With siloed depart­ments and dis­parate data across mul­ti­ple sys­tems, it’s dif­fi­cult to cre­ate a uni­fied view of a customer—unless you inte­grate. Below is the sec­tion I recently con­tributed to the lat­est Exact­Tar­get Let­ters to the C-Suite series with guid­ance on improv­ing access to data and stream­lin­ing busi­ness processes.

In recent years, as inter­ac­tive mar­ket­ing has leapt ahead again and again in terms of new ways to reach con­sumers and prospects, B2B and B2C mar­keters have needed to keep up with and learn a host of new technologies—making the world of the online mar­keter more com­plex than ever. It’s a tes­ta­ment to our teams’ flex­i­bil­ity and inno­va­tion that we have been able to con­cep­tu­al­ize and use such a vari­ety of dif­fer­ent tools—email, search mar­ket­ing, site search, ad serv­ing, and inter­ac­tive tools, to name a few—in such a rel­a­tively short amount of time.

Many of these mar­ket­ing strate­gies have allowed us to under­stand pur­chas­ing habits to reach our prospects when and where they want to be reached, and to bet­ter engage with cus­tomers. But as we’ve rushed to cre­ate and imple­ment such a vari­ety of multi-channel tac­tics, it has been dif­fi­cult for us to inte­grate and under­stand the over­all effec­tive­ness of each of these chan­nels and cam­paigns. Suc­cess depends on being able to know and prove which cam­paigns are deliv­er­ing ROI—and for those that aren’t, being able to rapidly adjust tac­tics to max­i­mize per­for­mance is a must.

That means that inter­ac­tive mar­keters have had to work with a vari­ety of tech­nolo­gies and ser­vice providers to cre­ate order across pro­grams. All too often, this has lead to mar­keters using one set of met­rics to look at search mar­ket­ing, another to look at pur­chase data, another for email mar­ket­ing, and oth­ers for tech­nolo­gies like social media or video. The result is a frag­mented dis­ci­pline that has mar­ket­ing teams look­ing at stats from a vari­ety of ven­dors, try­ing to com­pare apples to oranges. Often, in spite of the tremen­dous strides we have made in reach­ing new cus­tomers, we are left pulling our hair out in frustration.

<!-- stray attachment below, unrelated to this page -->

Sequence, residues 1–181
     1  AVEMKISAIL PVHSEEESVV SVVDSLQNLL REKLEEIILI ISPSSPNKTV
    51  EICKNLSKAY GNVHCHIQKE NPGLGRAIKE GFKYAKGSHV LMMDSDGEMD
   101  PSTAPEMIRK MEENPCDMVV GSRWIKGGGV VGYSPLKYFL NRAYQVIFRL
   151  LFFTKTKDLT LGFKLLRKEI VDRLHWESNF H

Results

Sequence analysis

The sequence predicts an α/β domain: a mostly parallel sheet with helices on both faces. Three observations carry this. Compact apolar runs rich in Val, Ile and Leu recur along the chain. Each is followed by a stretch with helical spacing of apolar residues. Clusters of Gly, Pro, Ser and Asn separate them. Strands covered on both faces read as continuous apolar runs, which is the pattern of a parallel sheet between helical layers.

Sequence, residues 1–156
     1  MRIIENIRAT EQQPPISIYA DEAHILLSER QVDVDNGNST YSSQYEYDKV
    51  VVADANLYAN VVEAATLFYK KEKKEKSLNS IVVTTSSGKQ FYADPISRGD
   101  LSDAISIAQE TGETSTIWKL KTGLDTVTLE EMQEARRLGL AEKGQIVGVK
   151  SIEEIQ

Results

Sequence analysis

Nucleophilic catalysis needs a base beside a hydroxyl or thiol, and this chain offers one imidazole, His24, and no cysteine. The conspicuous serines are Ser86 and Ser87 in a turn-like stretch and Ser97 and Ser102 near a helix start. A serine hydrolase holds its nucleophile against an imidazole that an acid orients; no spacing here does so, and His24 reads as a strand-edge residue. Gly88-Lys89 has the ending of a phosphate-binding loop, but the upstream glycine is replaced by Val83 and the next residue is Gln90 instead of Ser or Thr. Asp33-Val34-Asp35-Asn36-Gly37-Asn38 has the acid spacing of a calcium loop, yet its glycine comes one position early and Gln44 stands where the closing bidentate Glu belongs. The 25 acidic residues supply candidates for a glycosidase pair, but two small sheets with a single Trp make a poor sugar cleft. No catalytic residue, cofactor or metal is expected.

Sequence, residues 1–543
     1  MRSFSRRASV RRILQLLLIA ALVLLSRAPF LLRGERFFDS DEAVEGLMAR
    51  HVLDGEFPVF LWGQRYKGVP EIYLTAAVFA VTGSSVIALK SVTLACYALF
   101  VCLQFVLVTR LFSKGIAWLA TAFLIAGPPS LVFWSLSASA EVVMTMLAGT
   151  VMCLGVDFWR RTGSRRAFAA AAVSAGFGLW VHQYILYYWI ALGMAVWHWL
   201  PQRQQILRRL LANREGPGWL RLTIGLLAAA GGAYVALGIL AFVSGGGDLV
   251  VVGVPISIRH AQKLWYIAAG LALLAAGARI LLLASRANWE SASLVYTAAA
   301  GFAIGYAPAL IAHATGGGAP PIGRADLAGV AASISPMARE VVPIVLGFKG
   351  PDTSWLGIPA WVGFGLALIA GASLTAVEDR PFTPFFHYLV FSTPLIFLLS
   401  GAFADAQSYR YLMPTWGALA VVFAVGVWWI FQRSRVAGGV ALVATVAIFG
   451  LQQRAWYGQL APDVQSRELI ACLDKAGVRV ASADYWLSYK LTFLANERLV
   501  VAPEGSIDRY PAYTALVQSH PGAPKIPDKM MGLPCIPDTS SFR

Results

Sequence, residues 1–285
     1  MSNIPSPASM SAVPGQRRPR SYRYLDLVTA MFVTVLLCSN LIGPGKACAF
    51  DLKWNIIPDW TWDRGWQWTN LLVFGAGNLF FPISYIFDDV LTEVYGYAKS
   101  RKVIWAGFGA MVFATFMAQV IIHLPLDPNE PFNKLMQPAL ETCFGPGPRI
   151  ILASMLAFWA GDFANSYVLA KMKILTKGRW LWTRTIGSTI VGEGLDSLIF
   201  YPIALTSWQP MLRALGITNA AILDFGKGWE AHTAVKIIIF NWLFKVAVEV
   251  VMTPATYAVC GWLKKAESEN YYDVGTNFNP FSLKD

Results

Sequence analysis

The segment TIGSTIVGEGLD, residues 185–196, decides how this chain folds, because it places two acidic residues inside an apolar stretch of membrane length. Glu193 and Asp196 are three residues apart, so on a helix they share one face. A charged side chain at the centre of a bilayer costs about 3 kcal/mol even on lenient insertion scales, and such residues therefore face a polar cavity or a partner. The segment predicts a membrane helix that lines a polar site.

Mar­keters need a new tech­nol­ogy frame­work to fill inter­ac­tive marketing’s short­com­ings. Such a frame­work would lead to inter­ac­tive mar­ket­ing orga­ni­za­tions finally own­ing a set of skills stan­dard­ized around tech­nol­ogy, ana­lyt­ics, and strate­gic plan­ning, lead­ing to better

account­abil­ity and sim­pler processes. Below are a few attrib­utes that such a tech­nol­ogy frame­work should pos­sess to address

these chal­lenges:

  1. Marketing-owned and oper­ated. IT has enough on their plate already and frankly, mar­ket­ing needs to move faster than IT is often able to. Mar­ket­ing should not have to add addi­tional staff sim­ply to launch an inte­gra­tion. What you need instead is a prod­uct designed to reduce com­plex­ity by automat­ing the inte­gra­tion of mar­ket­ing tools.
  2. Improve vis­i­bil­ity. Com­pare apples to apples and give deeper vis­i­bil­ity into the con­ver­sion cycle, whether using cross-channel or cross-application dash­boards to pro­vide mar­keters with a holis­tic view of performance.
  3. Auto­mat­i­cally share infor­ma­tion. Increase rel­e­vance and accel­er­ate rev­enue recov­ery. Seg­ment based on real behav­ior, and use it to trig­ger processes. Test and tar­get con­tentacross tech­nolo­gies to opti­mize results.

When orga­ni­za­tions inte­grate mar­ket­ing tech­nolo­gies and under­stand their impact upon one another, mar­ket­ing ROI is sub­se­quently increased. By lever­ag­ing the attrib­utes above, lead­ers can improve cam­paign results in the realm of 300%—650% over their tra­di­tional broad­cast campaigns.